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The Second New Deal
|In its early years, the New Deal sponsored a remarkable series of legislative initiatives and achieved significant increases in production and prices--but it did not bring an end to the Depression. As the sense of immediate crisis eased, new demands emerged. Businessmen mourned the end of "laissez-faire" and chafed under the regulations of the National Industrial Recovery Act (NIRA). Vocal attacks also mounted from the political left and right as dreamers, schemers, and politicians alike emerged with economic panaceas that drew wide audiences. Dr. Francis E. Townsend advocated generous old-age pensions. Father Charles Coughlin, the "radio priest," called for inflationary policies and blamed international bankers in speeches increasingly peppered with anti-Semitic imagery. Most formidably, Senator Huey P. Long of Louisiana, an eloquent and ruthless spokesman for the displaced, advocated a radical redistribution of wealth. (If he had not been assassinated in September 1935, Long very likely would have launched a presidential challenge to Franklin Roosevelt in 1936.) ...|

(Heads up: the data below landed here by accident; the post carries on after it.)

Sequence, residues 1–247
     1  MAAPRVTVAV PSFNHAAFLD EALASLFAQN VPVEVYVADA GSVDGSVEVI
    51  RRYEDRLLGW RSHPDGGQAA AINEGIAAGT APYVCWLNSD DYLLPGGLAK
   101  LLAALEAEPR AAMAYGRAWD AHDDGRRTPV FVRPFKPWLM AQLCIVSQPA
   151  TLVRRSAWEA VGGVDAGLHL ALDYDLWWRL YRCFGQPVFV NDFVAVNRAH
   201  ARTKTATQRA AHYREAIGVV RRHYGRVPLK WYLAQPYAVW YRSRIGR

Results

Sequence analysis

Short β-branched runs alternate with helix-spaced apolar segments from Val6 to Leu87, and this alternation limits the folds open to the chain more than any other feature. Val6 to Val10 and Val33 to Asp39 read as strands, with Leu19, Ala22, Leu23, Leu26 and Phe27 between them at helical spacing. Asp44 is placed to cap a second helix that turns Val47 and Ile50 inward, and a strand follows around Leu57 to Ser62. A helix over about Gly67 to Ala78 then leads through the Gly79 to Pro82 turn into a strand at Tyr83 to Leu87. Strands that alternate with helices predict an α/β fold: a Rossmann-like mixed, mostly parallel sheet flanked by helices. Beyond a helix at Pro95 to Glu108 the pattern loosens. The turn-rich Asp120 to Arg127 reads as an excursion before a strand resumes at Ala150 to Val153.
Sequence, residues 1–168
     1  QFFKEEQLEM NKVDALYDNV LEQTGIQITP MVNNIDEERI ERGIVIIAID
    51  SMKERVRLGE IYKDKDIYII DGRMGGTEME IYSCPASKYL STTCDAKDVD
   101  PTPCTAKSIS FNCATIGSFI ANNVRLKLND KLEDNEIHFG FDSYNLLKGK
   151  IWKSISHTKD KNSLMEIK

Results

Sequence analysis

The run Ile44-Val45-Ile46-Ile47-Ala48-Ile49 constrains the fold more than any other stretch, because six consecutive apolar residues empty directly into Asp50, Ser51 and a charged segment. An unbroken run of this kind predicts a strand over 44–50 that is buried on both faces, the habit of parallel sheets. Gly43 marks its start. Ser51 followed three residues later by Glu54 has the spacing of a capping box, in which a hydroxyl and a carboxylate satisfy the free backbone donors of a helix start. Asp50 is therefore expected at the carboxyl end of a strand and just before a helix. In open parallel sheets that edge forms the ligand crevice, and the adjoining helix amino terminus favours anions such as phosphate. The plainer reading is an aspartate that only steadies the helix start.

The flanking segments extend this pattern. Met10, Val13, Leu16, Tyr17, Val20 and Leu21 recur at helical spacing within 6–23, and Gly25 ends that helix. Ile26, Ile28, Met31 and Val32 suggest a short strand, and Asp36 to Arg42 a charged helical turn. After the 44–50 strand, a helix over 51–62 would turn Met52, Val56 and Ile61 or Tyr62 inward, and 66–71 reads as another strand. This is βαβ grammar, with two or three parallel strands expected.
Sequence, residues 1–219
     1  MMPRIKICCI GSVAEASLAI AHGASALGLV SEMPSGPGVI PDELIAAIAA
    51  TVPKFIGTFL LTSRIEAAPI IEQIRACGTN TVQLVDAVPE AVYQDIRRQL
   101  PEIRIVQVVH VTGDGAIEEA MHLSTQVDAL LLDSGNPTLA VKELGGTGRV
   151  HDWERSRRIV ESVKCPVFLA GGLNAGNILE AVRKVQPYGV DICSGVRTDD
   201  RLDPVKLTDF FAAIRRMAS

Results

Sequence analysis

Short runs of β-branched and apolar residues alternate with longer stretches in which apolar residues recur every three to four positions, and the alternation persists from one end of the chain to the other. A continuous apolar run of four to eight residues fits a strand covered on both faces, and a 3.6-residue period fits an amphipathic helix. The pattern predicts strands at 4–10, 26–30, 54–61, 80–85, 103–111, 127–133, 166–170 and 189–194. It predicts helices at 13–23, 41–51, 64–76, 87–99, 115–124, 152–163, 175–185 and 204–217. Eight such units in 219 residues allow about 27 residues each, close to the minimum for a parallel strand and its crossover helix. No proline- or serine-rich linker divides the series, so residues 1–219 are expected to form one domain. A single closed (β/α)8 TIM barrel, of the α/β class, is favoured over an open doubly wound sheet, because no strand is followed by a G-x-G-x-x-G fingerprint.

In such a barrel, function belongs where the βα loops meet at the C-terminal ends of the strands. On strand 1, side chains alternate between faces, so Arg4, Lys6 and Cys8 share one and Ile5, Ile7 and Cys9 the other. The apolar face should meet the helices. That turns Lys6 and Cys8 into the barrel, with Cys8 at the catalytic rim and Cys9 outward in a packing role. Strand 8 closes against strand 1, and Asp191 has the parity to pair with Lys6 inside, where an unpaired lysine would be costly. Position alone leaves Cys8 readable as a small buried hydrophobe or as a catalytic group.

Click here to print this worksheet. Answer Key: 1. B - False; 2. Inflationary policies; 3. Senator Huey P. Long; 4. Works Progress Administration (WPA); 5. C - National Youth Administration; 6. Social Security Act of 1935; 7. B - False; 8. Public Utility Holding Company Act; 9. B - rural; 10. Answers will vary.